I hung out with old friends, made new ones, and had a great time in the hacker lounge. If I could change one thing about the hacker lounge, I would get rid of the air hockey and television, which were a little too noisy for the space.

Sessions and Collaboration

I presented in 2 sessions: The State of the MeeGo Community with special guest Randall Arnold (aka texrat) and co-presented in Dave Neary’s MeeGo Community Dashboard talk. As someone helping to organize the event, I didn’t get to attend as many sessions as I would have liked, but I did get to a couple. I particularly enjoyed Carsten’s Transparency, inclusion and meritocracy in MeeGo: Theory and practice and an ad hoc session we had over lunch to talk about details behind the community apps. The conversations and collaboration in the hallways, over meals and in the hacker lounge were a big part of the event for me.

A few things I would like to improve next time:

  • Keynotes – enough has been said about the keynote, so I won’t elaborate here other than to say I agree with much of what others have said.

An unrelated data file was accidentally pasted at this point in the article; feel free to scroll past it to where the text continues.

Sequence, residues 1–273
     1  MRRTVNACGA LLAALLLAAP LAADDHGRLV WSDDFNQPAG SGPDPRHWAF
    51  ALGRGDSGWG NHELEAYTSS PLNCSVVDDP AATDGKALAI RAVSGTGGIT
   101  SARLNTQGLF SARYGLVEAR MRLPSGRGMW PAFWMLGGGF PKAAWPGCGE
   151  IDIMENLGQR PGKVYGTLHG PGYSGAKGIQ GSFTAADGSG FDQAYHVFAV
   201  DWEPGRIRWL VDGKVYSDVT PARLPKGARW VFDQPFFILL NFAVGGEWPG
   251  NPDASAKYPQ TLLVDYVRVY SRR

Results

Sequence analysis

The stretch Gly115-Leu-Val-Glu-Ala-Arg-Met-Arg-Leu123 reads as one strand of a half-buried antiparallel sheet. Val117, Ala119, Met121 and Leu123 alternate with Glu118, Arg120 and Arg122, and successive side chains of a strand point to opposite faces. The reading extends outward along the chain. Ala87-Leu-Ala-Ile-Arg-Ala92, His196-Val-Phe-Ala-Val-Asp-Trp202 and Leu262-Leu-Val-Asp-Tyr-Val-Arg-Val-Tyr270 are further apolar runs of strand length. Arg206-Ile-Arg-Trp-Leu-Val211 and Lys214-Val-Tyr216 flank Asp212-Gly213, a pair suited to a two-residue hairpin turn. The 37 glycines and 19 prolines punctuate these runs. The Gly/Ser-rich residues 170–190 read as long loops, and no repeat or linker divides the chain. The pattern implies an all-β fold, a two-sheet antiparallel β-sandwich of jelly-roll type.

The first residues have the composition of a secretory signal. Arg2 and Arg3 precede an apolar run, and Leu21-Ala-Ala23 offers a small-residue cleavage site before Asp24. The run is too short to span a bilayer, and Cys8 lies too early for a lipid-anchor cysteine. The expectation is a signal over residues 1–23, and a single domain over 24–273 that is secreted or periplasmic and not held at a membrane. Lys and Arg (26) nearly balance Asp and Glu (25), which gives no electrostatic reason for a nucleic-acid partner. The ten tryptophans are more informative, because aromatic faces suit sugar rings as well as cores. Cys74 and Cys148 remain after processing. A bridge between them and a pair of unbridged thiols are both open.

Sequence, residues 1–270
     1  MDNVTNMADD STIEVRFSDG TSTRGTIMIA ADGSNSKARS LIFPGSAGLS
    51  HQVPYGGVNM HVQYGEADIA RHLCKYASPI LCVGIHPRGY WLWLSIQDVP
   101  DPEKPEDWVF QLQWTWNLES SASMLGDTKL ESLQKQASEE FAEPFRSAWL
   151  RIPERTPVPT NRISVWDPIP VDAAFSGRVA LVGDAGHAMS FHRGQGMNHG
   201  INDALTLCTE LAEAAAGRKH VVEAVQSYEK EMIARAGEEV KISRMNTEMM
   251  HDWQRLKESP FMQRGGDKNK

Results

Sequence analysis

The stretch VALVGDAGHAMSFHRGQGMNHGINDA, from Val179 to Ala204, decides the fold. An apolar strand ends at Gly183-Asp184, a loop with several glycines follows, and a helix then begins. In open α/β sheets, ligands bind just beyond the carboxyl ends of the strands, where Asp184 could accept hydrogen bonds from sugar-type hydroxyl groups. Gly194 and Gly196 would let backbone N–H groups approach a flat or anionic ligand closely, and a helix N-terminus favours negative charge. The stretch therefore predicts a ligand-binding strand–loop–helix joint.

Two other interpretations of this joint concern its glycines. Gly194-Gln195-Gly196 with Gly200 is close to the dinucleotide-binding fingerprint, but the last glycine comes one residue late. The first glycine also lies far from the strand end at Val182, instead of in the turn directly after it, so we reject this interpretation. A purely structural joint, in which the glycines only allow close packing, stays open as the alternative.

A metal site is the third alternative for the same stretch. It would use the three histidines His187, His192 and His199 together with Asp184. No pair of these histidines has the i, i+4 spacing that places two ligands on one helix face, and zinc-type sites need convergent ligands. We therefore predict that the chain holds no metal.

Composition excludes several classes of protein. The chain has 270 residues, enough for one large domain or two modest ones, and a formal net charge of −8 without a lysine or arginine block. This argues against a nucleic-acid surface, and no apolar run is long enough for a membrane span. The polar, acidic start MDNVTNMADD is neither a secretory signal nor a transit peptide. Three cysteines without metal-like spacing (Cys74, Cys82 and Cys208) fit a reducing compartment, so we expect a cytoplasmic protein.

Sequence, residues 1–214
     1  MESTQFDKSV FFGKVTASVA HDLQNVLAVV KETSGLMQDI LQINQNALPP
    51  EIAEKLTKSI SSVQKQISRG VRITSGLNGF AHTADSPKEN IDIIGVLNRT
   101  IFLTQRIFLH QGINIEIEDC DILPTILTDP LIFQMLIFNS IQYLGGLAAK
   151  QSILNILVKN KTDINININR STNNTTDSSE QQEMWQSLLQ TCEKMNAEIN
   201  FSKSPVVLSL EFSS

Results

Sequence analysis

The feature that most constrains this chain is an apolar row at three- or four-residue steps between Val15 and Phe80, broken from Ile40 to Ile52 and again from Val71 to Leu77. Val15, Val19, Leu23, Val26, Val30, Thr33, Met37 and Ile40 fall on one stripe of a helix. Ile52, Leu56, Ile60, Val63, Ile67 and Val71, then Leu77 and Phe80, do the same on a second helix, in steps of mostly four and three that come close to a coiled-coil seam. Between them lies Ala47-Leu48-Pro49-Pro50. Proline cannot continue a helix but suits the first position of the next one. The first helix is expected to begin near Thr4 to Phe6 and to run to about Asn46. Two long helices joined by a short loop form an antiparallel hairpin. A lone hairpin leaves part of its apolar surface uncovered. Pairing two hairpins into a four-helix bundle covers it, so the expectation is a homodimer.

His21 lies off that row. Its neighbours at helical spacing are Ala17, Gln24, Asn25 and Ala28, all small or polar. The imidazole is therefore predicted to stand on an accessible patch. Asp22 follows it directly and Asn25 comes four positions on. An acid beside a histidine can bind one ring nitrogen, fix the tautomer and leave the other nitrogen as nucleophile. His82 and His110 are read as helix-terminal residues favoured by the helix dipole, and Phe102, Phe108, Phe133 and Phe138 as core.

• Better integration of the warm-up activities. Despite working very closely with the warm-up organizing team, these still felt too disconnected somehow, and people were extremely confused about attending the warm-up before registration was open and badges handed out.

Overall, I was really happy with the conference, and I appreciate everyone who took the time to hang out, chat, attend my sessions, play werewolf and much more. Thank you.

Photo credits: MeeGo Conference Banner by Thomas PerlWerewolf in the Hacker Lounge from Reggie Suplido and Maemo/MeeGo Folks in SF by Thomas Perl.

Note: This is a blog post about my personal experiences at the MeeGo Conference. We’ll some kind of official wrap-up on the MeeGo blog next week after people recover from the conference.

MeeGo Community and Metrics Presentation Videos

I just realized that while I was frantically catching up from my much needed Thanksgiving vacation right after the MeeGo Conference that I completely forgot to post the videos and presentation materials from my sessions at the conference. I presented two sessions:

State of the Community


Presentation Materials (PDF) and More Info

An Inside Look into the MeeGo Metrics


Presentation Materials (PDF) and More Info

You can also watch videos of all of the other sessions at the MeeGo Conference. For those of you interested in online communities, you should definitely watch Dave Neary’s Community Anti-Patterns presentation.